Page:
- investigated reports of foodborne illnesses and foodborne outbreaks
- investigate consumer complaints
- carry-out action needed in response to food recalls, fires, floods, and emergencies
Public health inspectors also assign each food premises a risk level of high, moderate, or low. This is based on the establishment’s potential risk of causing a foodborne illness if proper food handling practices are not followed. This classification may change based on types of food served, the risk of severe illness in the population served, or on the results of the last inspection.
You are strongly encouraged to read and understand the legislation that pertains to your operation. Public health inspectors are available to assist you in understanding the requirements. For more information call your public health inspector at 705.522.9200, ext. 464 (toll-free 1.888.522.9200).
Other legislation that may apply to you include:
- Ontario Regulation 503 – Recreational Camps
- Ontario Regulation 502 – Camps in Unorganized Territories
Compliance and benefits
There are many benefits associated with a facility which operates in compliance with the regulations. Ultimately, customers or clients want to know that the facility preparing their food is maintained in a clean and sanitary manner to prevent the spread of foodborne illnesses to themselves and/or their families.
Reasons to stay in compliance
- Fresh tasting food. Food that is stored and prepared safely will taste better; regular product turnover will ensure freshness (for example “first in, first out”), storage at proper temperatures will prevent spoilage, and properly covered and labeled food will prevent cross-contamination.
- Repeat business and customer trust. Customers will return to a restaurant that prepares food in a clean and safe kitchen, and does not expose them to foodborne illness-causing bacteria.
- Employee attitudes. Job satisfaction improves when working in a clean and safe environment.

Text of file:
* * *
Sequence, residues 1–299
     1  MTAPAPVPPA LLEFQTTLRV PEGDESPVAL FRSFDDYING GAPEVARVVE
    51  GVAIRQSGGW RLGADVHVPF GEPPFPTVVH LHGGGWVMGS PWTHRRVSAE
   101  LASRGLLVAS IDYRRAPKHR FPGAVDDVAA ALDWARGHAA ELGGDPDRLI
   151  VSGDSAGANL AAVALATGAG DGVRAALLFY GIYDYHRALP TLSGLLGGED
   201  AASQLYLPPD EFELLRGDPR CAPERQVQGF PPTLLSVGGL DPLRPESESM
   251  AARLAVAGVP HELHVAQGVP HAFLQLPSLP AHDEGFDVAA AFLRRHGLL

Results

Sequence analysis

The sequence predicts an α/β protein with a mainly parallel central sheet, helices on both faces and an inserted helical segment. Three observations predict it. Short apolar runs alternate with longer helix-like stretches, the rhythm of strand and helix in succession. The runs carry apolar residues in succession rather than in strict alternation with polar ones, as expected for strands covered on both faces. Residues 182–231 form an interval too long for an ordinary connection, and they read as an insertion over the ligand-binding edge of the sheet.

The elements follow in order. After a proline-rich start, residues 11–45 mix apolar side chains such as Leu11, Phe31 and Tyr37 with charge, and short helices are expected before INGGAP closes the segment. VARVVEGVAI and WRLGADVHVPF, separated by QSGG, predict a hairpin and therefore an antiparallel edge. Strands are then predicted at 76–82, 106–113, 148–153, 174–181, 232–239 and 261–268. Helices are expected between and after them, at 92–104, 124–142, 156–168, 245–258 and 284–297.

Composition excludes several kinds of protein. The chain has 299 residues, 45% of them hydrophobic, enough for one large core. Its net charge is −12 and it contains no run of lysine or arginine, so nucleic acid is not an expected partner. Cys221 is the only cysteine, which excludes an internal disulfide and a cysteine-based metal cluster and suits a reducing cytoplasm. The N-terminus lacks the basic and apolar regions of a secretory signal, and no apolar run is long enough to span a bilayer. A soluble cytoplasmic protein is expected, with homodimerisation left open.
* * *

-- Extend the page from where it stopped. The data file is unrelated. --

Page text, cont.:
- Employee health and work attendance. Employees are less likely to become ill at work if they are well-educated in food safety. Employees are not allowed to work while ill, and shall not return to work until they are free of symptoms for at least 48 hours. Symptoms may include fever, coughing, sneezing, nausea, vomiting, or diarrhea. If an employee tests positive for an enteric illness, they may be required to submit 2 stool samples that test negative for the illness before they are allowed to return to work. For some illnesses, this could take several weeks.
- More customers, more profits. There will be greater financial gains for a facility that appeals to new and returning customers.
- Reduced risk of spreading foodborne illnesses. This may lower insurance costs, and reduce the risk for lawsuits, medical claims, and fines levied by the public health inspector for serving unsafe food.
- No wasted money. Restaurant kitchens should be cleaned on a daily basis, and all staff should have a role in doing so. Routine cleaning prevents grease and residue buildups, which extends the lifetime of equipment, reduces costs for additional cleaning products, and ensures that staff can focus on their regular work tasks. Cleaning schedules should be created to ensure that routine cleaning of coolers, walls, ceilings, and hard-to-reach places are being done.
- First in, first out. Products should be labelled to ensure that the products closest to reaching the end of their shelf-life are used first, and do not go to waste.
- No facility closures. Closure orders can be costly for restaurant owners, as there are immediate and possible future costs. This may include expenses for additional cleaning supplies, pest control, equipment repairs, or loss of sales during the closure; as well as potential loss of future business due to public perception. A closure order will only be lifted when the facility is maintained in a safe and sanitary manner.
In addition to inspection information, tickets and orders are also posted on the Check Before You Go! section of this website.
This item was last modified on December 10, 2020